An examination of digital equipment recovered from the home of the couple who killed 14 people in San Bernardino last week has led FBI investigators to believe the shooters were planning an even larger assault, according to federal government sources.
Investigators on Thursday continued to search for digital footprints left by Syed Rizwan Farook and Tashfeen Malik, scouring a downtown San Bernardino lake for electronic items, including a hard drive that the couple was hoping to destroy, sources told The Times.
FBI agents will probably spend days searching Seccombe Lake and canvassing the neighborhood for clues after receiving a tip that the couple may have visited the area on the day of the attack, according to David Bowdich, assistant special agent in charge of the FBI's Los Angeles field office.
Farook and Malik were in the final planning stages of an assault on a location or building that housed a lot more people than the Inland Regional Center, possibly a nearby school or college, according to federal sources familiar with the widening investigation.
Investigators have based that conclusion on evidence left behind on Farook and Malik's computers and digital devices, not all of which the couple were able to destroy before they were killed in a firefight with police, the sources said.
Images of San Bernardino-area schools were found on a cellphone belonging to Farook, according to a law enforcement source. But the source cautioned that Farook may have had a legitimate reason to have the images because his work as a county health inspector involved checking on school dining facilities.
On Thursday, one of the federal government sources told The Times that Farook asked his friend and neighbor, Enrique Marquez, to buy two military-style rifles used in the attacks because he feared he "wouldn't pass a background check" if he attempted to acquire the weapons on his own. The rifles were bought at a local gun store, the source said.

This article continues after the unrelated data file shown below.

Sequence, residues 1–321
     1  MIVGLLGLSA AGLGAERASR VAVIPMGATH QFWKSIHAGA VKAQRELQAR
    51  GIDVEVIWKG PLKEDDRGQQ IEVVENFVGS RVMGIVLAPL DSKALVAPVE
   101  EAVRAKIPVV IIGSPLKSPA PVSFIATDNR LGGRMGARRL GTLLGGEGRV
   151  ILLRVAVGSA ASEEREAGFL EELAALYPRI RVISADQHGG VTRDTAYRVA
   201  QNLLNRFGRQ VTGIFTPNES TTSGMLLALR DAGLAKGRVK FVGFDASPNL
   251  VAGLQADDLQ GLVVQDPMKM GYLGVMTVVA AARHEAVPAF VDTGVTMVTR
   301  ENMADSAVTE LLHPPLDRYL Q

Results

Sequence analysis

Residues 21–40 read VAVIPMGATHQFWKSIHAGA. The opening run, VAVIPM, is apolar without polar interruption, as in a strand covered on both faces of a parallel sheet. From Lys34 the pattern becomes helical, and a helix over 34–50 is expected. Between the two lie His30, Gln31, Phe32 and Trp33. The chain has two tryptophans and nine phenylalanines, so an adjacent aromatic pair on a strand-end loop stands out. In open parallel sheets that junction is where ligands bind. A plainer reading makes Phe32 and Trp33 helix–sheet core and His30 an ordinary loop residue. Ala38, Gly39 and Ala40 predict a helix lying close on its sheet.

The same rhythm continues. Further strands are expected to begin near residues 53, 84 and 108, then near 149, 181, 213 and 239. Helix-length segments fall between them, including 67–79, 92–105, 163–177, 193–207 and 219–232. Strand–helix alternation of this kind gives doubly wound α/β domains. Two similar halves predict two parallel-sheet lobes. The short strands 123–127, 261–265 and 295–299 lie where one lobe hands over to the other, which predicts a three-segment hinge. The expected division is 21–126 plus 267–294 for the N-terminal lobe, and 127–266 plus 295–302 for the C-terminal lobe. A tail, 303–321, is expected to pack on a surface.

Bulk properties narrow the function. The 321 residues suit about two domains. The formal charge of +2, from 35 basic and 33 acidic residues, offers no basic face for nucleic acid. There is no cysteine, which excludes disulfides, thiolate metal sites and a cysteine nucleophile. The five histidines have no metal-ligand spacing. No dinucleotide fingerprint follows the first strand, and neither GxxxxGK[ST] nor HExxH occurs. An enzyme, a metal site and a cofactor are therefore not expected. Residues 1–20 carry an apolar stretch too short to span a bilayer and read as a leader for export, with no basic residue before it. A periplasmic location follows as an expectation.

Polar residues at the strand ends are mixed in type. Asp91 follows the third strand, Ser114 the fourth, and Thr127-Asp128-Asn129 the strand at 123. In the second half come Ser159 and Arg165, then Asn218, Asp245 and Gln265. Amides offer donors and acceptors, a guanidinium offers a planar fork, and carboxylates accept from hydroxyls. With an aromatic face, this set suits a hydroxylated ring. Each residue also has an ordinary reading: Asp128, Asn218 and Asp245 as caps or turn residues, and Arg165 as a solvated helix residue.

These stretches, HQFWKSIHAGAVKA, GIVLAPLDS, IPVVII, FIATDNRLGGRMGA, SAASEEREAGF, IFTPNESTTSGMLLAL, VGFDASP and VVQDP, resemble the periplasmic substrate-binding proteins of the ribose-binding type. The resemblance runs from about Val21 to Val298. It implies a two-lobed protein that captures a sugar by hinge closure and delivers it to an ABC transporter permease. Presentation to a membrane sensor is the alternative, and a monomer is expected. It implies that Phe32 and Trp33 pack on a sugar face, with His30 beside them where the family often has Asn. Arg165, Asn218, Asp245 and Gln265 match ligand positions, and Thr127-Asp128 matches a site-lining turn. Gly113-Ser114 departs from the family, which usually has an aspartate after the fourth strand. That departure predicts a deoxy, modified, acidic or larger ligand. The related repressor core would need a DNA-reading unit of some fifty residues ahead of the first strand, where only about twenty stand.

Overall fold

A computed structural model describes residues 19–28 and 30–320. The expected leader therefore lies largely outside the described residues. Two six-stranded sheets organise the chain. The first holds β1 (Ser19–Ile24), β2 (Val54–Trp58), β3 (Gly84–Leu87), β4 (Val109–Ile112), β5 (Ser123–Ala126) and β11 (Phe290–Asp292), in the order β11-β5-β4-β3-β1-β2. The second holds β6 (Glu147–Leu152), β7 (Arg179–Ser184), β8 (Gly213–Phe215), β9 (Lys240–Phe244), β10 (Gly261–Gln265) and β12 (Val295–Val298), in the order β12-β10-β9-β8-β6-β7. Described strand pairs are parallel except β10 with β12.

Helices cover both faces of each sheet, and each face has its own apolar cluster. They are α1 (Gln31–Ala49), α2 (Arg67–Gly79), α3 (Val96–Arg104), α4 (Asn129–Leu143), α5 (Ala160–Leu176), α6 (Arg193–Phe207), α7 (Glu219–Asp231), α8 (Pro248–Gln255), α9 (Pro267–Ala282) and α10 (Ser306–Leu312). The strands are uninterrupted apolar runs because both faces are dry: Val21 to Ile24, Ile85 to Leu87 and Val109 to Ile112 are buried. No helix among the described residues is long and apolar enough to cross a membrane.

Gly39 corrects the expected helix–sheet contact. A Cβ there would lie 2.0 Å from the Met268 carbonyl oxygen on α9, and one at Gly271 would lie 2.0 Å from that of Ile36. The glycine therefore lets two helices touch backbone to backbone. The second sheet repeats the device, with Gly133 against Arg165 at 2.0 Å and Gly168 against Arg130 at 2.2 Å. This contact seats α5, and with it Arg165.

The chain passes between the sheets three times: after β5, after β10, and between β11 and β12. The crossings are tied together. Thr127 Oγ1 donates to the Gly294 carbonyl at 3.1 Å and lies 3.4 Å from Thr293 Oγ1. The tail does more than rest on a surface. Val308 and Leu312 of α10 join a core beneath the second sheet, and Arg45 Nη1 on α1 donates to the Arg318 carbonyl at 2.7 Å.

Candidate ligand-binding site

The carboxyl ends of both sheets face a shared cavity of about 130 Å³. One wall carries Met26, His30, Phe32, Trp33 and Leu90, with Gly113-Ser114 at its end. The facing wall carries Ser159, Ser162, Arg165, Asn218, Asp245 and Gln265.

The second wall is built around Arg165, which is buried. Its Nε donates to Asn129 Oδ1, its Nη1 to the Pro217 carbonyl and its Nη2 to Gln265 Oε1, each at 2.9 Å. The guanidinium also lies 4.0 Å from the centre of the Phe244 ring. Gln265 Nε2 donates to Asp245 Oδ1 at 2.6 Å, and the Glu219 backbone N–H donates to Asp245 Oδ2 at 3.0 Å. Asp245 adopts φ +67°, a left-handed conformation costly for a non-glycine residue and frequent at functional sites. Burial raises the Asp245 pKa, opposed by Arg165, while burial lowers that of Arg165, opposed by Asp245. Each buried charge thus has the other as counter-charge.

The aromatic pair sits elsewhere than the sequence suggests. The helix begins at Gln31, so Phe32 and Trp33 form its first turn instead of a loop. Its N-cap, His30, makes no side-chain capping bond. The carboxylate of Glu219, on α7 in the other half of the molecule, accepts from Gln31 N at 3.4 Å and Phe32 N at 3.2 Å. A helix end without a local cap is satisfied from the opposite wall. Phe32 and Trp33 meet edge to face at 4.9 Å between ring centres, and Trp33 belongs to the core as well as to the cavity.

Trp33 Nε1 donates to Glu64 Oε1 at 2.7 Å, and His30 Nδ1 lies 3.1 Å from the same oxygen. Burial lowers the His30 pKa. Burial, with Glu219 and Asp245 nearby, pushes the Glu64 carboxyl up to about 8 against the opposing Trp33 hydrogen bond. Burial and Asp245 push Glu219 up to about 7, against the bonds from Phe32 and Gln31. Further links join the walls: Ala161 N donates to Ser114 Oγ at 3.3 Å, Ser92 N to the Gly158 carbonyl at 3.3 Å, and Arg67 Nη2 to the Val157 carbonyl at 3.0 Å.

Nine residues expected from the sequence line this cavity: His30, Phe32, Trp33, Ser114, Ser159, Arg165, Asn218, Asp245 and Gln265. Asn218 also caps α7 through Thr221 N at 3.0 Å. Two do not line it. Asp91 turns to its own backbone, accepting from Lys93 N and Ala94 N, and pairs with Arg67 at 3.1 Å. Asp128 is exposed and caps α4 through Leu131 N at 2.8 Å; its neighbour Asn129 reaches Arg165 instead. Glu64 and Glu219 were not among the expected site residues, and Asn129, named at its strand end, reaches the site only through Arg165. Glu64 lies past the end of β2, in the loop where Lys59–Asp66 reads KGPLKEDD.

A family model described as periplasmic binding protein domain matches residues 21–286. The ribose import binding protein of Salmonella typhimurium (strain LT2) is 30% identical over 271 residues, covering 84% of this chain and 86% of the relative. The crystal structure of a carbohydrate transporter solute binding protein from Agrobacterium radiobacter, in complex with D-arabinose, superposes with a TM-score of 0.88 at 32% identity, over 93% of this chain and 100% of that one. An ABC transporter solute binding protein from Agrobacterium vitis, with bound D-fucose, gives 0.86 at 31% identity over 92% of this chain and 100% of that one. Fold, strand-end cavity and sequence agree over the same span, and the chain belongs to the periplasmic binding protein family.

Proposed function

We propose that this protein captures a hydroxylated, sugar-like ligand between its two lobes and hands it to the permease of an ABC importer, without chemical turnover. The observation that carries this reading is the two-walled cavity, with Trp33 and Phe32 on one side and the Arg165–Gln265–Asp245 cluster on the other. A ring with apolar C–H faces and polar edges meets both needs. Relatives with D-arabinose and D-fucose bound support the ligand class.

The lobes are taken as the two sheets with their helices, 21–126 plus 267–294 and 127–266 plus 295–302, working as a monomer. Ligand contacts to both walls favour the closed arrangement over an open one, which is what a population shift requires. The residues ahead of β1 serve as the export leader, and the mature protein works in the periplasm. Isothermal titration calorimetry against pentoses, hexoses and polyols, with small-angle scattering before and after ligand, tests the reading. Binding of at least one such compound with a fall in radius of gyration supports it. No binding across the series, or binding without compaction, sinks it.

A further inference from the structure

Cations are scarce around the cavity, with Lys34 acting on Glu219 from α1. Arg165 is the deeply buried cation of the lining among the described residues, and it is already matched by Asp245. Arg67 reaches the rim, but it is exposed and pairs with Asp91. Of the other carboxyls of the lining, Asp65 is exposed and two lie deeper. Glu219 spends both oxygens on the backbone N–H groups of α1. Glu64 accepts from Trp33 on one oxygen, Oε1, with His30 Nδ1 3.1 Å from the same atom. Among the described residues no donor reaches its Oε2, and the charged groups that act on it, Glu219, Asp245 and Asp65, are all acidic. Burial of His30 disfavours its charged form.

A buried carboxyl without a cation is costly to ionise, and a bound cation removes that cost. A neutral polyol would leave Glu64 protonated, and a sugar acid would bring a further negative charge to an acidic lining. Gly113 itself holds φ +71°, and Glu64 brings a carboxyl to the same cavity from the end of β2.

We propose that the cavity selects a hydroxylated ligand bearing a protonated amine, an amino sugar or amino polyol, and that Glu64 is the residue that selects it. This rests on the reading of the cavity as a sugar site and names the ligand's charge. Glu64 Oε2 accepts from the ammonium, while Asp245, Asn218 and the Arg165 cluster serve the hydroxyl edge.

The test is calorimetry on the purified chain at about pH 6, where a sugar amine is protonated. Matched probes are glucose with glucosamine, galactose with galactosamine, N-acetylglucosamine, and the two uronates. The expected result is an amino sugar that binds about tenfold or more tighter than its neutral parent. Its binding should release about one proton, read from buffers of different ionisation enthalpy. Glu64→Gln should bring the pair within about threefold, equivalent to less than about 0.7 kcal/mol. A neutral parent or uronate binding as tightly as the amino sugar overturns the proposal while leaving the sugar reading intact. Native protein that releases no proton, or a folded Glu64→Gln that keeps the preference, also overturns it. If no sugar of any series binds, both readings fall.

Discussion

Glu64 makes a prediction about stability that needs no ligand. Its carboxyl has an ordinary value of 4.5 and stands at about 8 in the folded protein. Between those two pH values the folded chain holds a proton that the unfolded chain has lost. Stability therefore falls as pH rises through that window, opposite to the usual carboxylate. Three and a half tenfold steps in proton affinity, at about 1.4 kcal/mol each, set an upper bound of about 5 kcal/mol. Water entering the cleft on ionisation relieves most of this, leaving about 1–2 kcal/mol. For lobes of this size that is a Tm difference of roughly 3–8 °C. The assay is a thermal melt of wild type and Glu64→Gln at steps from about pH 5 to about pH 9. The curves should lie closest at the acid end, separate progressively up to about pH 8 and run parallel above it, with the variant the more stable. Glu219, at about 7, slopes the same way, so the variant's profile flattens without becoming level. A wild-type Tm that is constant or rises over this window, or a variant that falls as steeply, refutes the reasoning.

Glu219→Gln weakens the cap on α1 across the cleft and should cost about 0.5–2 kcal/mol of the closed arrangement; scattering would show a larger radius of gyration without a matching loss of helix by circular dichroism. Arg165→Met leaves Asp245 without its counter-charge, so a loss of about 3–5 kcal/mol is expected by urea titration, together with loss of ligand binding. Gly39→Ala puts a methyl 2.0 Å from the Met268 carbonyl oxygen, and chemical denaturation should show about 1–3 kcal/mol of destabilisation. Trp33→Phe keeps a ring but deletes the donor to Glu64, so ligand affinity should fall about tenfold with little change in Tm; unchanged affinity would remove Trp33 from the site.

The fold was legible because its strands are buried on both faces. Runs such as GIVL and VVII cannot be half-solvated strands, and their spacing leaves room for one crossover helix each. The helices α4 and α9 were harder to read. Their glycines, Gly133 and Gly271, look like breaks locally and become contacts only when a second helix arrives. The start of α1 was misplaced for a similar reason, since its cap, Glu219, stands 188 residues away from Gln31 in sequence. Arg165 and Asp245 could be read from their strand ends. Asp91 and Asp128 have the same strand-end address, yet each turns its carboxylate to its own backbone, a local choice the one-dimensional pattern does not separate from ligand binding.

The timing of the rifle purchases is significant to FBI investigators. Another federal government source previously told The Times that Farook may have been considering a separate terror plot in 2011 or 2012.
Farook was self-radicalizing around that time, FBI Director James Comey said, and met Malik soon after, eventually escorting her to the United States. Farook was a practicing Muslim. Marquez converted to Islam around the time he purchased the weapons, sources have told The Times.
FBI agents believe Farook abandoned his plans to launch the earlier attack after a law enforcement task force arrested three men in Chino in November 2012. The men were later convicted of charges related to providing material support to terrorists and plotting to kill Americans in Afghanistan. A fourth man arrested in Afghanistan also was convicted in the scheme.
Bowdich said federal agents are investigating whether the men had ties to Farook.
Marquez has emerged as a central figure in the investigation. The FBI had been conducting interviews with 24-year-old, who checked himself into a mental health facility after the attacks.